SACRAMENTO — One of the two officers who shot and killed Stephon Clark in March was confronted by Black Lives Matter protesters on his wedding day Saturday, reports CBS Sacramento. Police haven’t released the names of the two officers who opened fire on Clark in his grandmother’s backyard, due to safety concerns.
The small group of protesters had gotten word about the wedding and made sure they were there just hours before the officer was to say, “I do.”
“I think they need to be approached in spaces where they’re a little more vulnerable,” Sacramento BLM founder Tanya Faison told the station.
According to the video released by Black Lives Matter, the officer was gathered in a room with his groomsmen Saturday when protesters barged in.
“I just wonder if you started planning your wedding before you killed Stephon Clark or after? How have you been sleeping since March 18?” said one protester in the video.
BLM says its members helped plan the confrontation ever since they found the officer’s wedding website online, with information about the venue, a vineyard about an hour outside of Sacramento.
“We’re not violent, we’re not gonna give to them what they brought to our community, we’re not gonna hurt anyone, but we are gonna make them uncomfortable, and they should — because someone is dead,” said Faison.
But community member Michel Keeley told CBS Sacramento, “As a black man … I’m concerned whenever there’s injustice on any black person. Certainly there’s a right to protest, but I think there are limits when to protest in a public place and the right of privacy for your wedding.”
Sacramento police say since the tragic shooting back in March, the two officers involved have needed additional security. They’ve received a number of death threats and are not working in a patrol capacity.
“People may think that these officers are just going about their lives, but this is a very traumatic event for everyone,” said Sgt. Vance Chandler with Sacramento Police.
The case, which drew national attention and sparked protests across the country, is still under investigation, with no word from the DA’s office on whether the officers will be indicted.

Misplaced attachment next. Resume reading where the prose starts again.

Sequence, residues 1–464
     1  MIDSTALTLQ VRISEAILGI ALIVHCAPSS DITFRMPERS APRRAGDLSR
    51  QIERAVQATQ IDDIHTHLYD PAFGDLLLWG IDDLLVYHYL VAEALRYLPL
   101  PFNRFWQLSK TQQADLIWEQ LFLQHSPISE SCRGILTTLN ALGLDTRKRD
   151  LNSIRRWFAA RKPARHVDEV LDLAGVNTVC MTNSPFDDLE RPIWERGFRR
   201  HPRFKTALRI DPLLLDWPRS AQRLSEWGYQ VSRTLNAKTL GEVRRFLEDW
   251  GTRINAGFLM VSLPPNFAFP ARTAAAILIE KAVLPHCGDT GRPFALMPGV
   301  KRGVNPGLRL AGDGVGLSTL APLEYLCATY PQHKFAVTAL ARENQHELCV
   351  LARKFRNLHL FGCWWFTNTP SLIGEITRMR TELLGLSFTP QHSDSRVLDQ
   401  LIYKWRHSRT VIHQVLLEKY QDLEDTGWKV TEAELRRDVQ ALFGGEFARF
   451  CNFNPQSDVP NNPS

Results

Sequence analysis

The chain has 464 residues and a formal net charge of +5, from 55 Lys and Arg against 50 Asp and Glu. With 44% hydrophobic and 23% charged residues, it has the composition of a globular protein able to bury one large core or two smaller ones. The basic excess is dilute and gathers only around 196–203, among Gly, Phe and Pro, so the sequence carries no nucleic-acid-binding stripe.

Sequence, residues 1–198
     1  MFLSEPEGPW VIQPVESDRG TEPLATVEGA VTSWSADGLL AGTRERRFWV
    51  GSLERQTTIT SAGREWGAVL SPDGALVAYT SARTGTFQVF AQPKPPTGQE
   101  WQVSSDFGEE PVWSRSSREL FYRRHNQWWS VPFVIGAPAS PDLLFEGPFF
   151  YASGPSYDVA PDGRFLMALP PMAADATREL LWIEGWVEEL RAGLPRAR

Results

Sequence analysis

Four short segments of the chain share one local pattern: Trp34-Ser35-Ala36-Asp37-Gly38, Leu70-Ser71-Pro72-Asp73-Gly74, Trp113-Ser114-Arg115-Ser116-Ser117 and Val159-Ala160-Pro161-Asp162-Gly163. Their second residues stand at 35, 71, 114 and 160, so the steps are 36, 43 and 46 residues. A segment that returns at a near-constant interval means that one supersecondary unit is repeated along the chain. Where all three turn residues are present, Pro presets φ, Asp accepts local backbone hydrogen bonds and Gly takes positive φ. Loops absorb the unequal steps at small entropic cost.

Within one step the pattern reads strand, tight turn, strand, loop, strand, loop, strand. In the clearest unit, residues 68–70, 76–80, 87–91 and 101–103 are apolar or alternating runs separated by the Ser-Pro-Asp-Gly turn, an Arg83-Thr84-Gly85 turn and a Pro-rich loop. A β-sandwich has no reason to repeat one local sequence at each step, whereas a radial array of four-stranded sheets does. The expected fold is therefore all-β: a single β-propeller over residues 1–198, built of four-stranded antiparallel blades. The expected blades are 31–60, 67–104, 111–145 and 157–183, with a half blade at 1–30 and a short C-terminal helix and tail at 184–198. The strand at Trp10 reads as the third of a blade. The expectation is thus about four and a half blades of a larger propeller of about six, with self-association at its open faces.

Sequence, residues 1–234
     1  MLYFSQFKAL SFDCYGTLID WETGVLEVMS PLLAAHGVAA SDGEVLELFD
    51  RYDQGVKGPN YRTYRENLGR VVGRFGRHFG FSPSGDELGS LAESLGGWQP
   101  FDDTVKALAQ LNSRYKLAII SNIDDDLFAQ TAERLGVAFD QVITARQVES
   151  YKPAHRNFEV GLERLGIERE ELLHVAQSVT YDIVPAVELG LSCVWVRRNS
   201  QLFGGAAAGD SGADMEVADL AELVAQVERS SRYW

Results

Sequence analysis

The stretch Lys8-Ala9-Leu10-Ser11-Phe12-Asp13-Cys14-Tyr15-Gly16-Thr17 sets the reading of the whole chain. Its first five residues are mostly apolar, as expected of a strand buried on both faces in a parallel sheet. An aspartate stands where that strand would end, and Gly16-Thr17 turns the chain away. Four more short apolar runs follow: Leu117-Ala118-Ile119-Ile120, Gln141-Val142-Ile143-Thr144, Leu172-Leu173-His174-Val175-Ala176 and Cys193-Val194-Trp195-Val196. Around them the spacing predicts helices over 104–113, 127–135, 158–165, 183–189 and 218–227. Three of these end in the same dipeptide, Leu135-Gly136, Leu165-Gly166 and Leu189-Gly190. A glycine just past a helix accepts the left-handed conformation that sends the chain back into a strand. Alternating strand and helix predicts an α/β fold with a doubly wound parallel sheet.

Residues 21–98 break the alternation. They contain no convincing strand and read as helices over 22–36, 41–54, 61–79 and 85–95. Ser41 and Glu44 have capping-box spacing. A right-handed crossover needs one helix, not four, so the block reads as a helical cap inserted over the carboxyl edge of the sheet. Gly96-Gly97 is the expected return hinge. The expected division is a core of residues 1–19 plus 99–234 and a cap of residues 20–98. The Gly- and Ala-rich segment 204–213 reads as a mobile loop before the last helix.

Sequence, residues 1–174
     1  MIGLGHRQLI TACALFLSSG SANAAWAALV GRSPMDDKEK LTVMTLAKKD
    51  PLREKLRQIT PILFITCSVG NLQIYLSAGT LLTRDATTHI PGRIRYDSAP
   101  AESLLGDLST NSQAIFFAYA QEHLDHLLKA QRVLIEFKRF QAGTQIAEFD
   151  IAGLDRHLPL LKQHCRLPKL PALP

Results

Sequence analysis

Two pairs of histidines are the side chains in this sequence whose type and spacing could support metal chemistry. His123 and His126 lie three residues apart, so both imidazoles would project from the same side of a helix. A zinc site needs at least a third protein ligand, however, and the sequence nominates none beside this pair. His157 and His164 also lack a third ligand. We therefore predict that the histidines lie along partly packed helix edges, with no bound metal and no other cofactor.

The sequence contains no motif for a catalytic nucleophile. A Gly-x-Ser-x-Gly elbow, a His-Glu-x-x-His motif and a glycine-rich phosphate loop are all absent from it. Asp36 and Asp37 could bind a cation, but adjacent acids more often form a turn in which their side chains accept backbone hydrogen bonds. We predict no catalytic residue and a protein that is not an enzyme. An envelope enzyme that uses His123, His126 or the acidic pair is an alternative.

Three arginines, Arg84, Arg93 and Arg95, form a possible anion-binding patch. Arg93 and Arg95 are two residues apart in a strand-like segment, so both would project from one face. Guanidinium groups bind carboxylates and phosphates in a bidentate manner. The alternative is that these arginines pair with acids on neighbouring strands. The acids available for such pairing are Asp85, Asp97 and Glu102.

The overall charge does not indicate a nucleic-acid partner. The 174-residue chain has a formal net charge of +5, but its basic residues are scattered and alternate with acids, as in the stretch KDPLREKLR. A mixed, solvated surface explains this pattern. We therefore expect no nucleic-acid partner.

A day after the March 18 shooting, police distributed a press release that said the officers who shot Clark “saw the suspect facing them, advance forward with his arms extended, and holding an object in his hands.”
Police video of the shooting doesn’t clearly capture all that happened after Clark ran into the backyard. He initially moved toward the officers, who are peeking out from behind a corner of the house, but it’s not clear he’s facing them or that he knows they are there when they open fire after shouting “gun, gun, gun.”
After 20 shots, officers call to him, apparently believing he might still be alive and armed. They eventually approach and find no gun, just a cellphone.
“I feel that our department has handled demonstrations and protests very well and we have taken great effort’s to allow people to exercise their First Amendment rights but on this one what is the purpose of this?” he said.
That purpose, said Faison, is to remind folks that people are still hurting.
“Stephon Clark’s family is still mourning and suffering. He doesn’t get to be with his kids, or get married,” she said.
Sacramento Police Officers Association President Timothy Davis responded to the wedding protest Monday night.
“The SPOA supports transparency within our Police Department. Transparency brings trust,” he said. “Trust between our officers and the citizens they protect is an important aspect of a safe community. Our police officers are members of this community. They raise their families here. The send their children to schools here. They live their lives as a part of this community.
“Transparency comes with responsibility. Officers deserve to be free from harassment by individuals seeking their own forms of justice. True accountability can only come from our impartial judicial system and from our elected government.
“The SPOA will continue to advocate for transparency and thoughtful improvements in police policies, but we request the respect of our community. Give our officers the ability to safely raise their families alongside you.”